[ Editor's note: This story first appeared in The Campaign Insider. ]
As an undergraduate at the University of Rochester’s Eastman School of Music, current WWU professor of music and celebrated pianist Jeffrey Gilliam held a four-year, named scholarship. “It was The Wilson Scholarship – I still remember it,” says Gilliam of that early-career gift that gave him a sense of identity, consistency, achievement and security throughout his college career. “It didn’t even cover all the tuition, but I liked having that scholarship for four years. I kept in on my resume for a long time.”
Now, with a generous estate gift, Gilliam is creating a similar opportunity for others: The Jeffrey Gilliam Piano Scholarship Endowment Fund will support multi-year scholarships – renewable for up to four years – that will bring promising young pianists to Western. Just as significantly, its establishment marks the first scholarship of its kind for the College of Fine and Performing Arts.
“We have several endowed scholarships – the Arthur Hicks, the Ford Hill, the William Sanford,” explains Gilliam, “and we use them to offer students as generous a reward as we can for their freshman year. But compared with that first year, most of our students get less assistance as they excel through their education, and that just seems so wrong. My dream with this gift is that there will be enough in the endowment to award a new, multi-year scholarship every year. If there’s enough funding collectively for that, that would be great.”
In reaching his decision, Gilliam was inspired by his good friends and committed philanthropists Sibyl Sanford and Ford Hill; Hill, of course, is also a WWU music associate professor emeritus who has been a valuable mentor to Gilliam. “I’ve watched various scholarships and the Sanford Hill Piano Series come to life,” says Gilliam, “and I started wondering, ‘What can I do?’”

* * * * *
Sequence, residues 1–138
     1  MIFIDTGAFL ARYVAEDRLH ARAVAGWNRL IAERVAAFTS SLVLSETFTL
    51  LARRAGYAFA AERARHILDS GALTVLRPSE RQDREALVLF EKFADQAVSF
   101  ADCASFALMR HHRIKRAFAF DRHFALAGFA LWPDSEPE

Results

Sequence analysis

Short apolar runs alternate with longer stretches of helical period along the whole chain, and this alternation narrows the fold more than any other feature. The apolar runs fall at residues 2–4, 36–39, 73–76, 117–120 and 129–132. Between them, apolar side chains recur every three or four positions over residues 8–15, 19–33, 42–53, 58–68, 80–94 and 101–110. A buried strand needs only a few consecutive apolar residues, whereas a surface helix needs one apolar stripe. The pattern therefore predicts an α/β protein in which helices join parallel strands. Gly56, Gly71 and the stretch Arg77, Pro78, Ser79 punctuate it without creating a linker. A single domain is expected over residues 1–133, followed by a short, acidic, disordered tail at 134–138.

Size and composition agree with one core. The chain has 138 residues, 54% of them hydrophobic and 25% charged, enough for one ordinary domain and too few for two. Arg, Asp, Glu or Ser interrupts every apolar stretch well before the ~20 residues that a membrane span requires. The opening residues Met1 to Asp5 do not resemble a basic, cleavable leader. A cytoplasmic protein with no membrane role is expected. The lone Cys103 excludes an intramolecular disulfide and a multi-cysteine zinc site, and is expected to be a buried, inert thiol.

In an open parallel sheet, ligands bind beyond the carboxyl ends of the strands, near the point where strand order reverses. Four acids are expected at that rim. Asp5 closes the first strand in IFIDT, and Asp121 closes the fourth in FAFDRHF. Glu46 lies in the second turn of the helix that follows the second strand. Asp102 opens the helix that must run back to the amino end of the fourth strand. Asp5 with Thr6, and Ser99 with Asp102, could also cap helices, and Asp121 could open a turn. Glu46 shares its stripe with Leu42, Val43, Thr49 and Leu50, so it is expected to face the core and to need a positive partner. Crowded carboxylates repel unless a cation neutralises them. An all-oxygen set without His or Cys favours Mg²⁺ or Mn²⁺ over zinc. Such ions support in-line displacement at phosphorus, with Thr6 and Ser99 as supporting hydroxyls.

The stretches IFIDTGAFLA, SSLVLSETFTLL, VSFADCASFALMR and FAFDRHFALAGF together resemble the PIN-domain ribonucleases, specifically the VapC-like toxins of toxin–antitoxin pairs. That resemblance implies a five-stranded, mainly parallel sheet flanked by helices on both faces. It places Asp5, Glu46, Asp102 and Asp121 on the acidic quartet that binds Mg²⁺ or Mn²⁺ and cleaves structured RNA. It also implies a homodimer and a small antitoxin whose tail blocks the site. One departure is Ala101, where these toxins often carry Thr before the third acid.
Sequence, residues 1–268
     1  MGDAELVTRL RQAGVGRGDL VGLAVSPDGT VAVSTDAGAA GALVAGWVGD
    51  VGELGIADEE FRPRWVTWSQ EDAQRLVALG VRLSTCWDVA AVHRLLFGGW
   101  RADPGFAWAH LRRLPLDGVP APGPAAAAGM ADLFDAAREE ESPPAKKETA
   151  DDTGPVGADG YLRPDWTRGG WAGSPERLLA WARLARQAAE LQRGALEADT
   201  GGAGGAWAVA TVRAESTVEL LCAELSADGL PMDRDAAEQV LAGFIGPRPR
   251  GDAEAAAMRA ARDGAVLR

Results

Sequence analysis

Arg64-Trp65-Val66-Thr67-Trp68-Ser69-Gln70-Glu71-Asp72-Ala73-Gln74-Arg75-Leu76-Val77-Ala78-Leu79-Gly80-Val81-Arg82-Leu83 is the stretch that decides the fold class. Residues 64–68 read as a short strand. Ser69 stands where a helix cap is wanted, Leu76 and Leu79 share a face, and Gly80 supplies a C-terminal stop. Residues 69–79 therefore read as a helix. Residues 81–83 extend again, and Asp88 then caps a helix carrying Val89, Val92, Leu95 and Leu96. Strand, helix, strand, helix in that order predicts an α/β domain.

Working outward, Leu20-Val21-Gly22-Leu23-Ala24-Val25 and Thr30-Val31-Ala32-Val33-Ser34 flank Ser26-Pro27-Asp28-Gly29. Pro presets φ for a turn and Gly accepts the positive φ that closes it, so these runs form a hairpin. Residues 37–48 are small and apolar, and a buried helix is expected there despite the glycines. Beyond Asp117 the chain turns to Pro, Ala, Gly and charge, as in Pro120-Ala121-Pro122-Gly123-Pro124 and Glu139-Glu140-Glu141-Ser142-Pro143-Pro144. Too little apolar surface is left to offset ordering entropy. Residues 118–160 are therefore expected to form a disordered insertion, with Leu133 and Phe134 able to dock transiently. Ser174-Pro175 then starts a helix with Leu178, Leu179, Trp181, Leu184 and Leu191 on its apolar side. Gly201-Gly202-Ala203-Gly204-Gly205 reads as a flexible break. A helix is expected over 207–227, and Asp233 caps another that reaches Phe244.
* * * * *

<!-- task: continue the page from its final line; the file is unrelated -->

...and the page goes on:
Further inspiration came more recently via a non-Western piano student of Gilliam’s. “I’ve known him since he was a teenager,” says Gilliam. “He’s very talented but he went to one of our competitor schools in the state that gave him a full-tuition, four-year scholarship. It’s a good school and they have good facilities, but he said very complimentary things about what it’s meant for him to be able to study with me – that he would have come to Western had that been an option – and I just thought, ‘How can I make that happen for others?’ Washington is a goldmine of young piano talent: I want to do the best I can to recruit good students and give them an undergraduate education that will prepare them to go wherever they want to go after they graduate. I’ve had a good run with some fantastic students – I’ve been here since 1992 – and I’d like to ensure that that continues.”
That 23-years-and-counting run at WWU has had its impact as well: Gilliam’s pioneering scholarship will serve both as a much-needed recruitment tool for Western and as a thank you to the institution: “Western’s given me a home and a life and a great career,” says Gilliam. “When I think of what I’ve been able to do, what my students have done – I just think we have something really special going on here.” In feeling both appreciated by Western and wanting to show his appreciation in turn, Gilliam is establishing a legacy that will ultimately prove transformative for the music department, CFPA and the University as well as for the students who will receive this scholarship. It’s also a lovely gesture of faith in Western’s future, a gesture that Gilliam says, “just feels right.” Or, to quote Sibyl Sanford when Gilliam first told her about his plans: “Jeff! This is HUGE!”